Friday, June 17, 2011

Not using "I" and"Mine"

When I teach, I often explain to my students that I like to use the first person when giving a direction, so that they can skip the step of translating my words into their own, and they can just silently (or out loud) repeat the same words for themselves, if they choose to.  For example, instead of saying, "Now, think of not stiffening your neck," I would say, "I am not stiffening my neck," and the student would then simply think, "I am not stiffening my neck." I also explain that in this way, we both derive immediate benefit, since I, of course, want to be thinking the same thing for myself.

Today, I'm wondering if the process could be made even simpler.  Might it be equally helpful not even to use the words "I" or "mine"?  Is it possible to avoid these words while I teach?  While I talk to my student?  While I think to myself?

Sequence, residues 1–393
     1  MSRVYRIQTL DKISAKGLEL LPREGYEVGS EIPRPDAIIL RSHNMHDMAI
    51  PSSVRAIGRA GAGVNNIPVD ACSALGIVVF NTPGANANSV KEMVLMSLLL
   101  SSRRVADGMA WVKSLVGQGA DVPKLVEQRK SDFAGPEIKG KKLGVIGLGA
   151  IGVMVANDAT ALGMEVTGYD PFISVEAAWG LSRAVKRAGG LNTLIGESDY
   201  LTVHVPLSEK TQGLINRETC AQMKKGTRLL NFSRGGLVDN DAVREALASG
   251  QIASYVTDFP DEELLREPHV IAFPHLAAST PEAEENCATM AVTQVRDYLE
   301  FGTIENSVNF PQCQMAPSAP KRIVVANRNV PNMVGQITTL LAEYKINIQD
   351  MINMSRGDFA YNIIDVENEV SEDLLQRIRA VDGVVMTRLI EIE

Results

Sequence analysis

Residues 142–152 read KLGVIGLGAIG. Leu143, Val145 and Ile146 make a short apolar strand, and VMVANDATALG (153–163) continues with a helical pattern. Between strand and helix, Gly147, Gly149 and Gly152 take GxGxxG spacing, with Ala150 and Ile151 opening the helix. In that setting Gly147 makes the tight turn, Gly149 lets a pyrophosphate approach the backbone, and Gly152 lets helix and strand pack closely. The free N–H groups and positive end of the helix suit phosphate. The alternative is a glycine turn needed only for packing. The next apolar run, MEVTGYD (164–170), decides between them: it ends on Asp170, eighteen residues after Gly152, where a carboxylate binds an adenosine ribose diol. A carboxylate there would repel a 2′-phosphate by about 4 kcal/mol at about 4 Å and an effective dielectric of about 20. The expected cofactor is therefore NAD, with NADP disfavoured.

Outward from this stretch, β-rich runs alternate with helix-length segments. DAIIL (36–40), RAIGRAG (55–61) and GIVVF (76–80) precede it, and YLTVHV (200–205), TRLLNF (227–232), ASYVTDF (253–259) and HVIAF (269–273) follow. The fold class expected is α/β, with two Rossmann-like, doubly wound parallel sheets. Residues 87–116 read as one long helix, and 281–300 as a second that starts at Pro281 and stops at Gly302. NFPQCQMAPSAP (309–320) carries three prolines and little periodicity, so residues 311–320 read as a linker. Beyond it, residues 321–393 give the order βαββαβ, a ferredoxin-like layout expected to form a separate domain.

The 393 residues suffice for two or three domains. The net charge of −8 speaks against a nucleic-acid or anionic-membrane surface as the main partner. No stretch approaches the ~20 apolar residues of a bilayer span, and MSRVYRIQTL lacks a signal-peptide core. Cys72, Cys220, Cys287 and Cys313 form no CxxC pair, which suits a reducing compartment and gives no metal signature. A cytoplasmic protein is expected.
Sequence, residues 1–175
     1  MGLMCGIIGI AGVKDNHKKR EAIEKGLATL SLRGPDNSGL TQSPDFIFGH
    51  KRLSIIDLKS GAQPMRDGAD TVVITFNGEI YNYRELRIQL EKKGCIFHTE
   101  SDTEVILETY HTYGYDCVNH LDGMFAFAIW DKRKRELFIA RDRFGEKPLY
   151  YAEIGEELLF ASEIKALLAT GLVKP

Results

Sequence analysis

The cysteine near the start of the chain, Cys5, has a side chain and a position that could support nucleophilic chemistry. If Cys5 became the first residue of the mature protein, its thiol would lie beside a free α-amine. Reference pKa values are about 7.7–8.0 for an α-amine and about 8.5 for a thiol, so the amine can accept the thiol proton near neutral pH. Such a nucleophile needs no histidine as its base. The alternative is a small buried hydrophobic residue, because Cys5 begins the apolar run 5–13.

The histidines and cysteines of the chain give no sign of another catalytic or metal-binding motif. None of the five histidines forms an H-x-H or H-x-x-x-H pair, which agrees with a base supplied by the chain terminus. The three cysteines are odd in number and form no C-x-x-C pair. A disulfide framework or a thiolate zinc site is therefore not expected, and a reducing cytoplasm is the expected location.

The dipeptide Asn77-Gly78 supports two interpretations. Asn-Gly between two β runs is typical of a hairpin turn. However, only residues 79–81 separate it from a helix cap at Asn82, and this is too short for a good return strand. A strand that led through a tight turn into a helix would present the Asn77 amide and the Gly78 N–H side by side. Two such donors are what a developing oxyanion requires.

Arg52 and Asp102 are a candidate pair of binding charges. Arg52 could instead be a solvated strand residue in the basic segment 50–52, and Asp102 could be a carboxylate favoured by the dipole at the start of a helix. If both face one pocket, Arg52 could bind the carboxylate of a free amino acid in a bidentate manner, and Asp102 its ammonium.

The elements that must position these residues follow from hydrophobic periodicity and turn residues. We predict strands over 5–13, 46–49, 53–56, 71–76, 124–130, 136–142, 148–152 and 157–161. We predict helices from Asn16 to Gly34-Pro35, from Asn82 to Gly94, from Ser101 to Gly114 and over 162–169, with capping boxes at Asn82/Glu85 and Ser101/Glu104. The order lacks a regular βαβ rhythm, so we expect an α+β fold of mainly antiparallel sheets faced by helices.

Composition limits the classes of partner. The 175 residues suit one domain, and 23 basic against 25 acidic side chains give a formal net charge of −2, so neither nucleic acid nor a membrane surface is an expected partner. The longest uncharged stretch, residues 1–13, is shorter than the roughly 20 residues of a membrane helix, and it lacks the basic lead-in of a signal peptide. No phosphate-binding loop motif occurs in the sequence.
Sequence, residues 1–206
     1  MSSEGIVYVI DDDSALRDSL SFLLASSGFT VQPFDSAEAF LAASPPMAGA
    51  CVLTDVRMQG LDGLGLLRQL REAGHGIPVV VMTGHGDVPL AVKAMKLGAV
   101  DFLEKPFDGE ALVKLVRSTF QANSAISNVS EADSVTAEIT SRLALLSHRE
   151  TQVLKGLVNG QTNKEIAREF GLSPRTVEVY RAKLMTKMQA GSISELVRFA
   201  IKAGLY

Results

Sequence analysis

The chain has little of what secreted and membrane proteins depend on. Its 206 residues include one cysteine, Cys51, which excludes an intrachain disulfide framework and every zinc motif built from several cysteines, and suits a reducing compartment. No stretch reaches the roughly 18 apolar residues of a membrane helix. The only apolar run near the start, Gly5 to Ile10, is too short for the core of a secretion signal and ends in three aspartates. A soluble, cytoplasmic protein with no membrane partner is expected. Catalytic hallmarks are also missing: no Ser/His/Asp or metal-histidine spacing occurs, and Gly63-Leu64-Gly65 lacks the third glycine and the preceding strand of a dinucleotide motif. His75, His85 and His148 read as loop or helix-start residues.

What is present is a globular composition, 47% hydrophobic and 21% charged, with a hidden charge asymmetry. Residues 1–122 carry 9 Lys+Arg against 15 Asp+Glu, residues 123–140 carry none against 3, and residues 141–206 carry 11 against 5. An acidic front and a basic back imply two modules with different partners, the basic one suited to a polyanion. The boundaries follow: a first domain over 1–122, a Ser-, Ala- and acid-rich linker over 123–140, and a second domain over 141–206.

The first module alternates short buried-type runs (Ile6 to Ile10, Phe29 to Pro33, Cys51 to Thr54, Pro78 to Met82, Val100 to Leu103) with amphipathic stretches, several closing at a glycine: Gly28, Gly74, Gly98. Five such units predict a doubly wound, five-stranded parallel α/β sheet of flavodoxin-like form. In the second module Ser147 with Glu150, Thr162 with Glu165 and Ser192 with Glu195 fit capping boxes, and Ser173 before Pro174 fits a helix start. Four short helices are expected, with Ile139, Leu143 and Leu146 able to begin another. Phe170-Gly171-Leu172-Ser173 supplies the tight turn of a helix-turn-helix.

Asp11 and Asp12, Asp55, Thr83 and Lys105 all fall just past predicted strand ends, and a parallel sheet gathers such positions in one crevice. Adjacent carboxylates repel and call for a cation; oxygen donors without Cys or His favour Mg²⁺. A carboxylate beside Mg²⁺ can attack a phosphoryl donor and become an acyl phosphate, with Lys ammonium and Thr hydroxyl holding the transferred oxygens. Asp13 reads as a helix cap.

Revised, subject-free version of those questions: Is it possible to avoid using the words "I" and "mine" while teaching?  While talking? While thinking?

One of the habits is to compulsively use complete sentences.  Another habit is to tend towards egoistic self-absorption.  Eliminating the subject from the sentence prevents those habits.

Experimenting with subject-free language:
  • Notice a habit.  For example: "Stiffening the neck" or "Holding the body up" or "Pulling down" or "Compressing the spine", etc.
  • Realize that there is now a choice: to continue the habitual direction, or to stop.
  • Make the choice: "Choosing to stop."
  • Change direction; give the new direction.  For example: "Not stiffening the neck" or "Not holding the body up" or "Not pulling down," or "Not compressing the spine", etc.
  • Or, framed in the positive: "Allowing fluidity" or "Releasing " or "Aiming up", etc.

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